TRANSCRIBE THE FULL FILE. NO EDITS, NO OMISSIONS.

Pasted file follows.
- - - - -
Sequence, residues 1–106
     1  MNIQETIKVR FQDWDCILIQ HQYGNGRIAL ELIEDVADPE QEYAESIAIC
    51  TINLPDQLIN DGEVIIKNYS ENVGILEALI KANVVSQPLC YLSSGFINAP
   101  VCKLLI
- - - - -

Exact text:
Sequence, residues 1–106
     1  MNIQETIKVR FQDWDCILIQ HQYGNGRIAL ELIEDVADPE QEYAESIAIC
    51  TINLPDQLIN DGEVIIKNYS ENVGILEALI KANVVSQPLC YLSSGFINAP
   101  VCKLLI